Editorial

Meet
the Kallaalits

An invitation to explore Greenland, the icy land that gave birth to the popular parka jacket
W

hile it is not probably the most popular holiday destination on Earth, Greenland certainly represents a dream travel to many of us. Yet what is it that makes it so fascinating? Its incredible light? Its magic natural landscapes? Or maybe its undeniable remoteness? The land of the Kallaalits (meaning “Greenlander” in the native Inuit language Kalaallisut) is one of the most unique places on Earth indeed. Here are a few facts about Greenland you should know before embarking on a journey towards the Arctic Circle.

Greenland is the most sparsely populated country on earth.

With an area of 2,166,086 square kilometers and a population of less than 60,000 people, it has huge wild snowy and icy areas and very few roads between towns. Which is why you won’t be able to explore it by car: be prepared to go by sled, boat, snowmobile and plane.


Greenland has never actually been “green”

About 80% of the island is covered by the Greenland ice sheet, which is at least 400,000 years old. So naming it Greenland was nothing but a clever marketing strategy applied some 1,000 years ago by Norwegian Viking explorer Erik the Red in order to attract new settlers to this newly discovered land. Still, there are green areas in Greenland: in the mild summer climate, greyleaf willows grow at the base of it beautiful fjords, and the mountain landscapes are adorned with a wealth of colors from flowers, herbs, mosses and heather. On a sadder note, according to experts climate changes might turn Greenland greener by the year 2100, when swaths of verdant forest could be covering much of its land surface because of the raising temperatures.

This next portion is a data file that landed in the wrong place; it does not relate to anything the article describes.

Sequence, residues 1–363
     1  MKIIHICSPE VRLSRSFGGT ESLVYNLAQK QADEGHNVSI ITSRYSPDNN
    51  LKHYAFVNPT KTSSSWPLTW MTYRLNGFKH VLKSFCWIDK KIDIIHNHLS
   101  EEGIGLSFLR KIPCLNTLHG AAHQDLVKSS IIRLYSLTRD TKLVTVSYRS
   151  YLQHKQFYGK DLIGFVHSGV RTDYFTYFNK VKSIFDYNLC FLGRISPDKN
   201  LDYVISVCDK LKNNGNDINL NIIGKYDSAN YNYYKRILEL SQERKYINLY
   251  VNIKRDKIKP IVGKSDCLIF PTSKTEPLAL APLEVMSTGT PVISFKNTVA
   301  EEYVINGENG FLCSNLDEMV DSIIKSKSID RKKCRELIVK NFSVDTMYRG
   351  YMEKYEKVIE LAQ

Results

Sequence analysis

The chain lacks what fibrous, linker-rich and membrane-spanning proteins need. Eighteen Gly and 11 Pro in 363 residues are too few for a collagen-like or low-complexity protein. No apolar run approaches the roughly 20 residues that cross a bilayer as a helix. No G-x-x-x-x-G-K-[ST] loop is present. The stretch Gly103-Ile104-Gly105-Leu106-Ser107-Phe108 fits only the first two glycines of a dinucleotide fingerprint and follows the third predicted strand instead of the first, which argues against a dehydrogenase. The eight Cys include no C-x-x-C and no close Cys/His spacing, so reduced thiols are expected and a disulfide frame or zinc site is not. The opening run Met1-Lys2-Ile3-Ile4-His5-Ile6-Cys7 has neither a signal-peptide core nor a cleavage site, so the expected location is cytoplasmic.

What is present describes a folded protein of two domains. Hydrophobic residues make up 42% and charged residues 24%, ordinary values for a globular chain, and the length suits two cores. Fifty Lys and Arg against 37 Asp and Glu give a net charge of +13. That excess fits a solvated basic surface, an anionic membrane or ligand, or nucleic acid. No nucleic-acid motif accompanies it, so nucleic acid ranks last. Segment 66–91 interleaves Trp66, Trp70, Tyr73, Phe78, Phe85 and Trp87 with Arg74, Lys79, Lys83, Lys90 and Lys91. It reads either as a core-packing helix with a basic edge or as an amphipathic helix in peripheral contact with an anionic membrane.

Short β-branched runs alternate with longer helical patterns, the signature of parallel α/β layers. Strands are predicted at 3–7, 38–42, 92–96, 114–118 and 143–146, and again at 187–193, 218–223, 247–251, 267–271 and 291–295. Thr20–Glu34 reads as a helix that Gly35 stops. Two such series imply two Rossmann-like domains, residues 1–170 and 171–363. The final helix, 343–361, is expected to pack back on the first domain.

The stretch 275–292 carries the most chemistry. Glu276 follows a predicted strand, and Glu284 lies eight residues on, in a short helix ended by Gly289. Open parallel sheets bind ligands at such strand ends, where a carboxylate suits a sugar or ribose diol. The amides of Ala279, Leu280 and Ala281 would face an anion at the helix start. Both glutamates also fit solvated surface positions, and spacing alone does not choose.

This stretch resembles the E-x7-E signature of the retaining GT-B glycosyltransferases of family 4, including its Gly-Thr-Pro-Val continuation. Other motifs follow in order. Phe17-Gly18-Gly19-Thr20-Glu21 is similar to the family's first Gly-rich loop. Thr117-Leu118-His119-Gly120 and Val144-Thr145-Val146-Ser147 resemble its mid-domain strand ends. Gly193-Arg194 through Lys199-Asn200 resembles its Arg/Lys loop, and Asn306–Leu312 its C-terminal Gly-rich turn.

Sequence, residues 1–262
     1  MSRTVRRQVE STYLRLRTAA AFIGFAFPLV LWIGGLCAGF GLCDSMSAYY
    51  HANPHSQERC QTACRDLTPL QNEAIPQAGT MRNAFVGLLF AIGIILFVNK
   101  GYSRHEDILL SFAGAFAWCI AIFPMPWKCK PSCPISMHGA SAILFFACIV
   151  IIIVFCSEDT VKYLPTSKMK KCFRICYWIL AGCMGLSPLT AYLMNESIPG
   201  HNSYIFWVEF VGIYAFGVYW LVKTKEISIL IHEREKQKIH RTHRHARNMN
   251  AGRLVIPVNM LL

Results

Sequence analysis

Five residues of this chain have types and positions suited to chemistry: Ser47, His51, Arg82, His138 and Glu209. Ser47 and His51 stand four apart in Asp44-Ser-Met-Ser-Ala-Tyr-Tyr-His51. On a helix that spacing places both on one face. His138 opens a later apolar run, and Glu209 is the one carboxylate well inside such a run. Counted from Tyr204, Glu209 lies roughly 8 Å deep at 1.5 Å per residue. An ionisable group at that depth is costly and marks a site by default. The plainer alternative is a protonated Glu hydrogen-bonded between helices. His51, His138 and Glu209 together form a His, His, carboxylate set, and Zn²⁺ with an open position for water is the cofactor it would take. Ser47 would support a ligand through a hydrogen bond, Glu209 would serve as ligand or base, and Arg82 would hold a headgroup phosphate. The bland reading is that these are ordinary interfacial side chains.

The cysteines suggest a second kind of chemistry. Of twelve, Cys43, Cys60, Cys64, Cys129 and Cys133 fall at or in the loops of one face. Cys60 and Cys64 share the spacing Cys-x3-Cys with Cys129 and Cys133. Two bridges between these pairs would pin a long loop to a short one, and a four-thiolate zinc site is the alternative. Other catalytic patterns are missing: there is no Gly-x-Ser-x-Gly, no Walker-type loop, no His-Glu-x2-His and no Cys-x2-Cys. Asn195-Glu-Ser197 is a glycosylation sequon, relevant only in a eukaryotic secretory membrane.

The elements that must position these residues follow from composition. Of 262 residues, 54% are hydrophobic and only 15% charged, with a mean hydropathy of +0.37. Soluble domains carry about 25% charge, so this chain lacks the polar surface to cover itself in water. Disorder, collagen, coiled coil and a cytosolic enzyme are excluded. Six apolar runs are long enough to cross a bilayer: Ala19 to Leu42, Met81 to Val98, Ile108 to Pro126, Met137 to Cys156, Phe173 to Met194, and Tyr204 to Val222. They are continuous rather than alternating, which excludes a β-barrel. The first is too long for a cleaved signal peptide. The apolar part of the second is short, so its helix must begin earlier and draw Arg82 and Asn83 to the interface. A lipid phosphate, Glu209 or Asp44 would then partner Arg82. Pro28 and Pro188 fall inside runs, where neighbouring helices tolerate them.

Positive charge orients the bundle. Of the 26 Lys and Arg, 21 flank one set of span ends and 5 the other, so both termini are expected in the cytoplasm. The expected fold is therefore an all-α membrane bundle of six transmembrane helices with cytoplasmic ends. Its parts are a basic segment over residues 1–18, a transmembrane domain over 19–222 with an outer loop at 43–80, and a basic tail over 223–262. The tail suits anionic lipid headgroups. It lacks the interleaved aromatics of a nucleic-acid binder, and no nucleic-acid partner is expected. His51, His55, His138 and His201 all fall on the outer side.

Greenland is the place to go to explore the Arctic and enjoy the Northern Lights.

The Arctic Circle Trail extends up to 200 kilometers from the edge of the ice cap to the angling town of Sisimiut, on Greenland’s the West coast. From June to September it is usually free of snow and offers a truly spectacular hike. As for the Aurora Borealis, it is enjoyable all across the island from December through February, when the nights are clear and the biggest light show on earth gives its very best.


You can have a bath in Greenland!

Greenland is notoriously scattered with hot springs, yet not all of them are warm enough to bathe in. The uninhabited island of Uunartoq, in South Greenland, is home to three naturally heated springs which run together to a small stone-dammed pool where you can lie in the hot water and enjoy the view on the surrounding mountain peaks and drifting icebergs.


Greenland has a very modern and cosmopolitan capital

Despite being one of the smallest capital cities in the world, Nuuk is on its way to becoming the Nordic culture capital, as well as the northernmost. Inhabited by Greenlander and Danes, this amazing city has managed to create an amazing cultural mixture that ranges from the of traditional local culture to the most diverse contemporary creative expressions such as street art, futuristic architecture, new Nordic cuisine and craft beer.
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